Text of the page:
I've played an early Nintendo 3DS emulator for iPhone — light on features but games run perfectly, even without 3D

Folium playing Minesweeper 3D on iPhone with USB-C Controller
(Image credit: Future)

Unleash the emulation kraken! Now that you can download retro gaming emulators from the App Store, we’re starting to see and hear about more upcoming releases of apps that will be able to run console games from the past.

One in particular is called Folium, developed by Jarrod Norwell. The app emulates three handhelds: Nintendo Game Boy Advance, Nintendo DS, and Nintendo 3DS. The first two can already be played through Delta, another multi-system emulator that was released on April 17 for iPhone. The 3DS portion isn't currently served anywhere else on iPhone, with its unique hardware making for an interesting emulation exercise.

Nintendo 3DS was the successor to the original Nintendo DS. Released in 2011, the handheld was essentially a faster and more streamlined upgrade to its dual-screen predecessor, but with one key difference — it introduced a glasses-free 3D display. 

At the risk of stating the obvious, you won’t be able to view games in 3D on your iPhone with Folium — the 3DS employed a unique autostereoscopic display with a parallax barrier, adjusted via an intensity slider. Don't expect any accessory hacking that into an iPhone any time soon.

But Folium has still proved a lot of fun from our early testing. The app currently available as a private TestFlight release — Testflight allows developers to distribute apps to select users, in order to be tested before they’re released on the App Store. Norwell is currently planning to sell the emulator for $4.99 once Apple approves it. I've been trying out the upcoming emulator on an iPhone 15 Pro Max this past week, and I’ve come away impressed so far.

Using Folium in 2D

Folium home screen on iPhone

(Image credit: Future)

It should be said that this is a very early version of Folium for now — features like save states and the ability to add cheats that are available in rival Delta aren’t here yet. The first time you boot up, you’re prompted to place the handheld’s BIOS files into the emulator’s folder via the Files app, followed by any gaming ROMs you're looking to play. If you’re not sure what a BIOS file is, do check our iPhone emulation guide, as it covers everything you need to know about what this and other terms mean. If done correctly, the game you’ve put into the folder should appear in the basic user interface, ready to play.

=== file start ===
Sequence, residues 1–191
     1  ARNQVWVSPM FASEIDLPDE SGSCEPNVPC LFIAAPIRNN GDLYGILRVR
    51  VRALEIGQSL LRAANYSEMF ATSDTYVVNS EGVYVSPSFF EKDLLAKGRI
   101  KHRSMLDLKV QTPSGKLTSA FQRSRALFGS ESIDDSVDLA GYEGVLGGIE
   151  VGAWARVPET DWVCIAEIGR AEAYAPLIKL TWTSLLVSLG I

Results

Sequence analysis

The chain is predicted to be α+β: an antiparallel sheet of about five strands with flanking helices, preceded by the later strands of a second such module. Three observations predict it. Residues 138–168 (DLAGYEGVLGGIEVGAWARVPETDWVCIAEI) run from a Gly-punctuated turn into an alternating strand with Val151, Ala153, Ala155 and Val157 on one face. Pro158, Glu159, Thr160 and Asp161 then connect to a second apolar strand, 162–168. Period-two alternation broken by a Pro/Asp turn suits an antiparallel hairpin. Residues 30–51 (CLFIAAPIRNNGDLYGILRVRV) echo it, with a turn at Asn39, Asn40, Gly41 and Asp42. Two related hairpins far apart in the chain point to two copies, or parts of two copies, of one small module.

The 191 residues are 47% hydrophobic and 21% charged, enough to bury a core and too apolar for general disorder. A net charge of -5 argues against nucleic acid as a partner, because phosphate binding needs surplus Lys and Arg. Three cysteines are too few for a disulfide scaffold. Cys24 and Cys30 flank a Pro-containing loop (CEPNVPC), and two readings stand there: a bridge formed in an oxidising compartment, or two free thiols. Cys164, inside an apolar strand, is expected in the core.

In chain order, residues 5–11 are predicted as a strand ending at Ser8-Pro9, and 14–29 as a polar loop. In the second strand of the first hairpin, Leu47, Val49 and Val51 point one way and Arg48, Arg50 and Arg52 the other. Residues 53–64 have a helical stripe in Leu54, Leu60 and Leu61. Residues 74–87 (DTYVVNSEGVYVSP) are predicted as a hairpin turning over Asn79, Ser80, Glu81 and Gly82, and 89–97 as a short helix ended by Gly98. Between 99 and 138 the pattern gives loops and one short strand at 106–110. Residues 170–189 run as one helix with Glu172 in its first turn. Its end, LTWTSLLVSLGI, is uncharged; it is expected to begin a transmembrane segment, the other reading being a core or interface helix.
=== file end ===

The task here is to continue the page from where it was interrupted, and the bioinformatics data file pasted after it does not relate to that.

It’s a very barebones appearance compared to Delta, which offers fantastic theming skins to make you feel like you’re playing one of Nintendo’s handhelds. Here, you’re given a simple button layout reminiscent of a Nintendo 3DS. It works well enough, but we do recommend using one of the best game controllers for iPhone for more comfortable play sessions.

You can play a game in Portrait or Landscape orientation, and the dual screens of the handheld will have no problem adjusting to the layout you choose. What would be the lower touch screen of the 3DS can be used with your finger as usual on iPhone — though we did experience some lag at times when switching between items in some games.

In order to see how well the emulator ran, we picked several games to see if there were any incompatibilities. A bunch of homebrew games, such as an unofficial Half-Life port, as well as clones of Minesweeper and Breakout, all ran great with no issues. The sounds of Half-Life's main location, Black Mesa, were very clear and the latency was very low — especially when the explosions and crashing debris occurred in the early chapters of the game.

Again, Folium is a barebones app — but from our testing, it gets the job done when running a game. For what it lacks in features compared to Delta, it makes up for with solid emulation and plenty of promise. We’re hoping to be able to recommend the app once it launches for iPhone soon.

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Daryl Baxter
Features Editor

Daryl is iMore's Features Editor, overseeing long-form and in-depth articles and op-eds. Daryl loves using his experience as both a journalist and Apple fan to tell stories about Apple's products and its community, from the apps we use everyday to the products that have been long forgotten in the Cupertino archives.

Previously Software & Downloads Writer at TechRadar, and Deputy Editor at StealthOptional, he's also written a book, 'The Making of Tomb Raider', which tells the story of the beginnings of Lara Croft and the series' early development. He's also written for many other publications including WIRED, MacFormat, Bloody Disgusting, VGC, GamesRadar, Nintendo Life, VRV Blog, The Loop Magazine, SUPER JUMP, Gizmodo, Film Stories, TopTenReviews, Miketendo64 and Daily Star.